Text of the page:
He reported receiving 2.31 inches at the station for the 24-hour period ending on Thursday morning. The previous day (Wednesday), he totaled .92 of an inch and another .02 on Tuesday – for a total of 3.25 inches.
Most Bee Countians believe that this week’s steady rains have been a blessing, if not a drought-breaker.
However, the amounts have been scattered around the county.
Mike Huser at Bee Agricultural Co. said he’s heard reports of from two-tenths to about two inches near Beeville over the last few days. Yet, some folks only registered a trace; others in Live Oak and Goliad counties (to our west and east) have reported from four to nine inches.
“It’s too late for the crops, they’re done,” Huser said. “But it will provide some grass for the cattle.”
The National Weather Service indicated a 40 percent of more showers Friday, 20 percent Friday night, 40 percent Saturday and 30 percent that night.
In fact, rain chances are expected to continue over South Texas through the middle of next week.
On our website (mySouTex.com), a special weather report says, “A stalled frontal boundary over Central Texas will combine with this moisture and an upper level disturbance to produce scattered to numerous showers and thunderstorms today (Thursday)...through this weekend.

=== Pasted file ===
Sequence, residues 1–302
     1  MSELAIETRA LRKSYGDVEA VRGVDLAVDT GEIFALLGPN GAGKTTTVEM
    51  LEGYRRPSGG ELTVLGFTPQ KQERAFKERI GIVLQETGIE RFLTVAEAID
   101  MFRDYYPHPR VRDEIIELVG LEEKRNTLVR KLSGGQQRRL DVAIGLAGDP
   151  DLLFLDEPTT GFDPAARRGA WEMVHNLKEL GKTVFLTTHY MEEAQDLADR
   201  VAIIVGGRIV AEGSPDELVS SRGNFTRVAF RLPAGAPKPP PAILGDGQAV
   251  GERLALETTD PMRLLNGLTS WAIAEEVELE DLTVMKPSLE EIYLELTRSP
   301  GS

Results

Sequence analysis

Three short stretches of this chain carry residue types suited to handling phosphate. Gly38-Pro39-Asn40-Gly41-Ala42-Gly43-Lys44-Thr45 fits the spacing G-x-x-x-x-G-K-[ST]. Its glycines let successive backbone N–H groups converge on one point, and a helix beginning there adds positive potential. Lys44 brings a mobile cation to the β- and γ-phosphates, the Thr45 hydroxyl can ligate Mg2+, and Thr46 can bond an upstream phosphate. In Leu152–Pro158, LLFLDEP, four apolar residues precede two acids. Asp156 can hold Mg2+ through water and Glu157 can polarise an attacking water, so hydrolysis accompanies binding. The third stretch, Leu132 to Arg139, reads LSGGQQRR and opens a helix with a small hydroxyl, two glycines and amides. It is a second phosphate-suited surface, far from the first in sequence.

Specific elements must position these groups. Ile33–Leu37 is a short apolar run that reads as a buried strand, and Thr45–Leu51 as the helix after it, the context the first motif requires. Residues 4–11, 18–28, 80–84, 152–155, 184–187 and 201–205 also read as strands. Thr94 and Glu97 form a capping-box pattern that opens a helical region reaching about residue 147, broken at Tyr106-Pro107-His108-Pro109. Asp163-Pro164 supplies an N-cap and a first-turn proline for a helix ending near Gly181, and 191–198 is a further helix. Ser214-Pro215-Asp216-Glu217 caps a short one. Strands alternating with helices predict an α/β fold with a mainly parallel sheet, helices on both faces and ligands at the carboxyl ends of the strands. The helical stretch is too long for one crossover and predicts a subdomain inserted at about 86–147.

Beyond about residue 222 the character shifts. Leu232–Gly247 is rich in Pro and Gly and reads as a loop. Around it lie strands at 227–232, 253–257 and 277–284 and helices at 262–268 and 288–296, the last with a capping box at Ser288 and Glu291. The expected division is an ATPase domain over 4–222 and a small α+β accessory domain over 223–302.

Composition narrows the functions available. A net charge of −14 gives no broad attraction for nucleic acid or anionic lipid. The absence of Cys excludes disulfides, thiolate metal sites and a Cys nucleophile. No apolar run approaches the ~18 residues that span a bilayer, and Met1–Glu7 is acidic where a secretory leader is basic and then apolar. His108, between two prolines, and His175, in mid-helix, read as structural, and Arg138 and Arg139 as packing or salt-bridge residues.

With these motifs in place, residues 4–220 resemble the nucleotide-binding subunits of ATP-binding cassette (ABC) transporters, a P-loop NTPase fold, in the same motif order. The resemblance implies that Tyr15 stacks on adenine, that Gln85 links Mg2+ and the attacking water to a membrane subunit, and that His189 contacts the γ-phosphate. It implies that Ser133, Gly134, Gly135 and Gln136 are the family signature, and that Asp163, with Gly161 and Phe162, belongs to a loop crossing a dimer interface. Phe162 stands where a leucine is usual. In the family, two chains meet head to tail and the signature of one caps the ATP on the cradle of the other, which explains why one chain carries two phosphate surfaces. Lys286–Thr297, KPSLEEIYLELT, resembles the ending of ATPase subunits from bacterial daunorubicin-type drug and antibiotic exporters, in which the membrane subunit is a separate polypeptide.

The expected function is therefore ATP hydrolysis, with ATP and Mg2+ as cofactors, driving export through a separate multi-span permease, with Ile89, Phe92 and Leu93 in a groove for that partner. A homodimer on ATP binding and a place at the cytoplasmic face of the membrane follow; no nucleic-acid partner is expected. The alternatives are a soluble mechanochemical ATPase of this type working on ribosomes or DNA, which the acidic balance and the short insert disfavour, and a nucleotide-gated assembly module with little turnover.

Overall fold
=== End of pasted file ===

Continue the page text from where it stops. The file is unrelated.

“The upper low will only move slowly west through the middle of next week. As a result, the chances for showers and thunderstorms will remain in the forecast through the middle of next week... with the best chances for precipitation over the eastern portions of the region.
“By the beginning of next week, most areas of South Texas are expected to average between 1/2 and 1 1/2 inches of additional rainfall... with the highest averages expected over the northeastern Coastal Bend. By the middle of next week, much of the Coastal Bend and Victoria areas may receive an additional 2 to 4 inches of rain...and higher amounts of 6 inches or more possible.”
As rainfall continues, the recently dry soils will have a greater potential to become saturated, the bulletin added, and the concern for flooding will increase. As a result, flood watches may be required by early next week.
South Texas residents would have a difficult time imagining there would be concerns about flooding more than a week ago.